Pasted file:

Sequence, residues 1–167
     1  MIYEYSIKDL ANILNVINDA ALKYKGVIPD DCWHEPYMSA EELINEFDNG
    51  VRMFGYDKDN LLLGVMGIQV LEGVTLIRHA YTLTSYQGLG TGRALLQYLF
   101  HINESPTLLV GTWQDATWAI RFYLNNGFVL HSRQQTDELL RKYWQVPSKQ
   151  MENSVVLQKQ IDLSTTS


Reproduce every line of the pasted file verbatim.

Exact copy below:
Sequence, residues 1–167
     1  MIYEYSIKDL ANILNVINDA ALKYKGVIPD DCWHEPYMSA EELINEFDNG
    51  VRMFGYDKDN LLLGVMGIQV LEGVTLIRHA YTLTSYQGLG TGRALLQYLF
   101  HINESPTLLV GTWQDATWAI RFYLNNGFVL HSRQQTDELL RKYWQVPSKQ
   151  MENSVVLQKQ IDLSTTS